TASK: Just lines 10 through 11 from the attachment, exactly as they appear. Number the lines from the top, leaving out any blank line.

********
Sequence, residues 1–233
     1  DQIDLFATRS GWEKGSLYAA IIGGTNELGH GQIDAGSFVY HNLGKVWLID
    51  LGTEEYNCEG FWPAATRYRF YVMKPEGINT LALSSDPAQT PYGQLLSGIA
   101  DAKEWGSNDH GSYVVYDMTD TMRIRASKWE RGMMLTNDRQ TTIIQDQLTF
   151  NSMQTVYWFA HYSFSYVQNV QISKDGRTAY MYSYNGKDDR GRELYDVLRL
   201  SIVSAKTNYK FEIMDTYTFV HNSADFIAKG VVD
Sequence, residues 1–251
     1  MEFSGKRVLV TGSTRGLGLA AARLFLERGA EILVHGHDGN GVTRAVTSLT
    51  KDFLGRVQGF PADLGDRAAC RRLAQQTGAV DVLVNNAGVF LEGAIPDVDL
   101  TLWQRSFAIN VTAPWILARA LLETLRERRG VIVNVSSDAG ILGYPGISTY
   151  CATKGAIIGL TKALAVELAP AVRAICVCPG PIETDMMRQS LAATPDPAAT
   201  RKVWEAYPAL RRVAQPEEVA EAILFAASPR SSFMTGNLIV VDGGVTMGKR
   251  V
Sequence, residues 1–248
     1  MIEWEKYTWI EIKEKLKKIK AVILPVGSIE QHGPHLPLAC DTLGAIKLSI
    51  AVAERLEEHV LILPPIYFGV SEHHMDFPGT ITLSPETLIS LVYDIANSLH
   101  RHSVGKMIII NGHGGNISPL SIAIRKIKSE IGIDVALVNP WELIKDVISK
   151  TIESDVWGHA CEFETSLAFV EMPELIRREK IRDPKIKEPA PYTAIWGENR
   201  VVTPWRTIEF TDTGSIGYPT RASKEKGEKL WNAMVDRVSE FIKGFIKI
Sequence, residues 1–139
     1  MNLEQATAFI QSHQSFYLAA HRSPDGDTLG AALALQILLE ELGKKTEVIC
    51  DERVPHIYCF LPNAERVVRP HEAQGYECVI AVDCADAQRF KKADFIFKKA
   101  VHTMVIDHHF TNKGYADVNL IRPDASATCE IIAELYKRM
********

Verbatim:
   101  TLWQRSFAIN VTAPWILARA LLETLRERRG VIVNVSSDAG ILGYPGISTY
   151  CATKGAIIGL TKALAVELAP AVRAICVCPG PIETDMMRQS LAATPDPAAT